Be like water, my friend
On Sunday January 22nd, I'll be running a Silent Illumination practice day. (We still have some spaces left, so sign up if you're local!)
Silent Illumination - variously known as shikantaza (just sitting), resting in the Unborn, or simply zazen (sitting meditation) - is perhaps Zen's most iconic practice. It's deceptively simple: you just sit there, right? But that simplicity belies an incredible depth and power.
How does Silent Illumination work?
In a nutshell, the practice involves sitting (or standing, or walking, or lying down) and simply paying attention to the experience of sitting. What does that mean, the 'experience of sitting'? Well, that's what you find out when you do Silent Illumination!
Many styles of meditation use a particular 'object' - something specific to focus on during your meditation. You might be invited to count your breaths, or observe a candle flame, or feel the physical sensations throughout your whole body, or focus on reciting a mantra. This way of practising uses our faculty of attention - our ability to pay attention to this as opposed to that - as a kind of spotlight. We place a bright light on whatever object we're using, and that bright light casts correspondingly deep shadows on whatever else is in our experience. Over time, our object becomes more and more prominent - eventually, the object is all that we're aware of, and everything else falls away.
That's a good way to practise. It's very helpful for training the mind, for developing focus and mindfulness, for learning to discern exactly what's going on in your mind moment to moment, noticing when you're paying attention to your object and when the mind has wandered. The core skills developed through this kind of practice are very important, and are absolutely necessary for most people before true Silent Illumination is really accessible.
Because Silent Illumination is different. In Silent Illumination practice, we don't focus on anything in particular - and, as a result, we can be aware of the totality of our experience. Zen master Takuan Soho put it this way:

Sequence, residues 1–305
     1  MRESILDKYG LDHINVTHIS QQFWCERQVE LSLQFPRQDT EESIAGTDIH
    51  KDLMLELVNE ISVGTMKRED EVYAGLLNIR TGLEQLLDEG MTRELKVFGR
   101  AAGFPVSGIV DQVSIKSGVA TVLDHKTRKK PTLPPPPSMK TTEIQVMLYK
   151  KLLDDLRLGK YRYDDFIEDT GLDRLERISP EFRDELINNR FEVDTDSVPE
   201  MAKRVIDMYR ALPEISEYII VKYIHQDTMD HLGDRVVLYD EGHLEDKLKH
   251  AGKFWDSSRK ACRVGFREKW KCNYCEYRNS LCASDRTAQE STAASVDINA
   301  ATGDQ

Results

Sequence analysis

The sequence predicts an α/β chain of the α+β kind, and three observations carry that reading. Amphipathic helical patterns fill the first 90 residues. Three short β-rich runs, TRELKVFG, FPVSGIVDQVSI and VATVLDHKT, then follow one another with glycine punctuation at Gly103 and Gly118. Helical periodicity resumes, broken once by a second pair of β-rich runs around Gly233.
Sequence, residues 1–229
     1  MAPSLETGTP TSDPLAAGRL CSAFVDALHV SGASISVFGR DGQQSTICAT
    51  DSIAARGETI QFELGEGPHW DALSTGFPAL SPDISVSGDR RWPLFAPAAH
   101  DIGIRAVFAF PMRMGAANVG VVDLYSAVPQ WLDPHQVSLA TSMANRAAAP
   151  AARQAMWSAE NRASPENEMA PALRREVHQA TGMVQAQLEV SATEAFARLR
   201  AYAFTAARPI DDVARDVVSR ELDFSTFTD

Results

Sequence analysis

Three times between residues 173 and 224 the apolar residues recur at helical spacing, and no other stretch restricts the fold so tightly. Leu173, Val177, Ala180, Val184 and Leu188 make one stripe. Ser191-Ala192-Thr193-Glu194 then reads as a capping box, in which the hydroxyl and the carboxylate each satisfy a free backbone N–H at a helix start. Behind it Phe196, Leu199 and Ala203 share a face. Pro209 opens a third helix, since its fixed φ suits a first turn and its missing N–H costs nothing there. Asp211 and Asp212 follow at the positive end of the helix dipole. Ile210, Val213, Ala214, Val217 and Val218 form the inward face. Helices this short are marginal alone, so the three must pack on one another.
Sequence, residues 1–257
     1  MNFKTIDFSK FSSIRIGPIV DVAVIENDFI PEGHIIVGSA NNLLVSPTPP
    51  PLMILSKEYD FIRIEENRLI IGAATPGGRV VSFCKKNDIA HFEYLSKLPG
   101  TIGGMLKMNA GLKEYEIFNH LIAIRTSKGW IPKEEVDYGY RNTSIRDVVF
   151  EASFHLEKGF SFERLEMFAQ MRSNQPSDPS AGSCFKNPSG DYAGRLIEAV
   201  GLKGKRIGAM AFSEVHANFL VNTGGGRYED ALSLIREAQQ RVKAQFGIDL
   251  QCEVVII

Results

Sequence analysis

"When facing a single tree, if you look at a single one of its red leaves, you will not see all the others. When the eye is not set on one leaf, and you face the tree with nothing at all in mind, any number of leaves are visible to the eye without limit. But if a single leaf holds the eye, it will be as if the remaining leaves were not there."
In Silent Illumination, the idea is to face the tree without allowing any particular leaf to catch our attention.
But why would you want to do that?
The mind can be likened to a hand, picking things up and putting them down. When the spotlight of attention falls on an object, we pick it up. Then, in order to pick up the next thing, we have to put down what we're currently holding.
Except, as we all know, sometimes it isn't as easy as that. Maybe you've experienced intrusive thoughts - repetitive patterns of thinking that just won't go away no matter how much you try to focus on something else. I remember lying awake the night before one of my GCSE exams, listening to a short snippet of incredibly loud music looping over and over in my head. I'd been writing a song on my guitar earlier in the day, as a way of blowing off a bit of steam before the exam, and that riff lodged hard in my head. That was not a fun night!
Actually, long before I was wrestling with catchy guitar music, the historical Buddha was studying the problem of human suffering, trying to understand how it is that we come to struggle against what's going on in our lives with such disappointing frequency. In what's traditionally considered to be his first teaching, he said this:
Now this, monks, is the noble truth of dukkha [suffering/unsatisfactoriness]: birth is dukkha, aging is dukkha, illness is dukkha, death is dukkha; union with what is displeasing is dukkha; separation from what is pleasing is dukkha; not to get what one wants is dukkha; in brief, the five aggregates [i.e. everything we experience] subject to clinging are dukkha.
In short: whenever we cling to something, we're setting ourselves up for pain when that thing doesn't go exactly the way we want it to. The only solution is to learn to let go, to allow our experience to be just the way it is.